RK: Before the industrial revolution, we started at about 280 ppm. One hundred years ago, levels had risen to around 300, and they crossed 350 in the late 1980s. We think the last time concentrations were as high as 400 ppm was between 3 and 5 million years ago, when the world was much warmer.
CB: What did Earth look like 3 million to 5 million years ago?
RK: It had much higher sea levels, forests extended all the way to the Arctic Ocean, and there was almost certainly a lot less sea ice. Today, sea ice is melting rapidly, and in the last decades we have seen the tree line moving north into the Arctic tundra.
CB: Are we in a climate danger zone?
RK: In my view, yes. At 400 ppm, we’ve perturbed Earth enough already that things could unfold that will be catastrophic.
CB: We passed 400 ppm for the first time last year, above the Arctic. What is special about the Mauna Loa record?
RK: It’s the one record that has high resolution going back to the late 1950s—when my father set it up.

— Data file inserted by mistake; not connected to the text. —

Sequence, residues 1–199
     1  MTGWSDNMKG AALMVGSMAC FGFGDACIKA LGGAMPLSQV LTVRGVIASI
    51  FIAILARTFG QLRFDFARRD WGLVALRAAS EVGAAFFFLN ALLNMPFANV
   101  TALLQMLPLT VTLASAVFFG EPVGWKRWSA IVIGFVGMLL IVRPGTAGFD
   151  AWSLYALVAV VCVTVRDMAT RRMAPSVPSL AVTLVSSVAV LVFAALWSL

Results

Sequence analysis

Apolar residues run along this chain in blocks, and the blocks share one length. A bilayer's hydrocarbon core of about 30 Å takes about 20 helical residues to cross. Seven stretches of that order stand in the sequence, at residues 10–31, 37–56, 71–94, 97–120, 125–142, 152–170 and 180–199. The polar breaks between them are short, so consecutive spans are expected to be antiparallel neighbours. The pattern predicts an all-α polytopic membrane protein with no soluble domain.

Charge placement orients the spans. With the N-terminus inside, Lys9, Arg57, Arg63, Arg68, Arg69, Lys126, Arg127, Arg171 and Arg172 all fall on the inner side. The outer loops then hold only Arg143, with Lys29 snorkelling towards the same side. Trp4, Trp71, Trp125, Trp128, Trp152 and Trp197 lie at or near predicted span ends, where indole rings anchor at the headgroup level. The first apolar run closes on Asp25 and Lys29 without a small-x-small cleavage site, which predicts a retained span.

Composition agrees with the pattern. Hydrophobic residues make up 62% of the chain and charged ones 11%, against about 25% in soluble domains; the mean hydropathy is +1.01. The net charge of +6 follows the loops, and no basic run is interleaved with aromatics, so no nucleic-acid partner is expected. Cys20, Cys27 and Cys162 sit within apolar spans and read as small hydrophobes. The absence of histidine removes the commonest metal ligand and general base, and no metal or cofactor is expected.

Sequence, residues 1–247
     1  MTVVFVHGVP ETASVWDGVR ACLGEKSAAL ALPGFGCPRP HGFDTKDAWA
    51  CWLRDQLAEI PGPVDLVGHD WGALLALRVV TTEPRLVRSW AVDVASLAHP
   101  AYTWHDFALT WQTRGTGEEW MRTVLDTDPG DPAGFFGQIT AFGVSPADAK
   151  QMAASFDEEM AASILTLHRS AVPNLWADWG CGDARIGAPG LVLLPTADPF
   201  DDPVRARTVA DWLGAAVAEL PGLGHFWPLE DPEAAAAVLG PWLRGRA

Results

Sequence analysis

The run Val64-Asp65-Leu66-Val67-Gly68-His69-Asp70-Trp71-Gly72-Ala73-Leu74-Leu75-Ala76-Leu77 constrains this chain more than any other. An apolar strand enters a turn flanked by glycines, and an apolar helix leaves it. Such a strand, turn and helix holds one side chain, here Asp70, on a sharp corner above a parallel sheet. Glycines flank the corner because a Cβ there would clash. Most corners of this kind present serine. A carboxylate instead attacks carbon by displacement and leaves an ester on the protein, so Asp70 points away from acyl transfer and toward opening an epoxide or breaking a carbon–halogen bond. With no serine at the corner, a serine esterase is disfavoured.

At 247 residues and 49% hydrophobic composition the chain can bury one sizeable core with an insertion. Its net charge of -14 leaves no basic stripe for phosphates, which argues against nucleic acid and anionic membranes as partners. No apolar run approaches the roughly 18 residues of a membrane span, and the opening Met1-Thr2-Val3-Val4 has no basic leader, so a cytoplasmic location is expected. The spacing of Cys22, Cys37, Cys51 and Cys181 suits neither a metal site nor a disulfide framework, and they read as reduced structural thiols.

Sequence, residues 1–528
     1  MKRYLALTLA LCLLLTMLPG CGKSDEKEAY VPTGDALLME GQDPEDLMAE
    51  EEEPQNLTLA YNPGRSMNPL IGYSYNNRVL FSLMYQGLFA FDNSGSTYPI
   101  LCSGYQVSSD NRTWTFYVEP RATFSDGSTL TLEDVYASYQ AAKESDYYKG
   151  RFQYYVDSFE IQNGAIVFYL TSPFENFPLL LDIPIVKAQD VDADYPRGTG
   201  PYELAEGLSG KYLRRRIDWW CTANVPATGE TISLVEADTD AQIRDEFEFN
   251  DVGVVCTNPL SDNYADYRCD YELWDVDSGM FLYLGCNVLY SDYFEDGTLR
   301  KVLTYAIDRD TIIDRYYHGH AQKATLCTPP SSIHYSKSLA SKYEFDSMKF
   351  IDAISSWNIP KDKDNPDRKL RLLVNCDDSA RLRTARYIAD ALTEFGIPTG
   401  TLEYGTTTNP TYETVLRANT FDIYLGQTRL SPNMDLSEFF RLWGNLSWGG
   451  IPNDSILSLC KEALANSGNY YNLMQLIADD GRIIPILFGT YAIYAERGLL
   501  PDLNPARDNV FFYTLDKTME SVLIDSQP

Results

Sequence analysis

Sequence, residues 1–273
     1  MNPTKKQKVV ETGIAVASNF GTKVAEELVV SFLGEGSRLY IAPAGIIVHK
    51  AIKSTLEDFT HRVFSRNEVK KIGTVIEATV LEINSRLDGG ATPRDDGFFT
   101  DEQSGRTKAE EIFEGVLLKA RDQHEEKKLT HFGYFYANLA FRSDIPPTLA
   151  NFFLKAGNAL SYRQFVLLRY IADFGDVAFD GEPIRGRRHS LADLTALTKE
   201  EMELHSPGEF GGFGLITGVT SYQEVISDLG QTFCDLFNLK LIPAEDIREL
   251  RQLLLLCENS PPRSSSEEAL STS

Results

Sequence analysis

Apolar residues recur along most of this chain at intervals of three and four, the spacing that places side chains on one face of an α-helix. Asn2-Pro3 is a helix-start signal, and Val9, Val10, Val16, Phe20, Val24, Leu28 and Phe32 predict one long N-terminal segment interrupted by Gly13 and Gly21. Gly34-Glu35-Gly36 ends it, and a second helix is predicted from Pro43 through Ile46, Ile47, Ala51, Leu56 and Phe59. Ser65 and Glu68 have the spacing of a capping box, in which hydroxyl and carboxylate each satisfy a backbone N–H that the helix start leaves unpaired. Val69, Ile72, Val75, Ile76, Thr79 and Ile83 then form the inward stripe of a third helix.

CB: Why did he start tracking CO2 at Mauna Loa?
RK: In the early 1950s, he was at the California Institute of Technology studying carbon in rivers. As part of that, he developed a way to measure CO2 in the air. He discovered that if you measured concentrations in a sufficiently remote place, you almost always got the same number. That was unexpected. Previous work suggested CO2 levels were more variable, making measurement very difficult. The realization that there was a stable background level meant the challenge of measuring the increase might not be so great. You simply had to go to a place far enough from contamination and track it over time. The Mauna Loa measurements came later, beginning in 1958.
CB: When did he first see a steady rise in CO2—what is now known as the Keeling curve?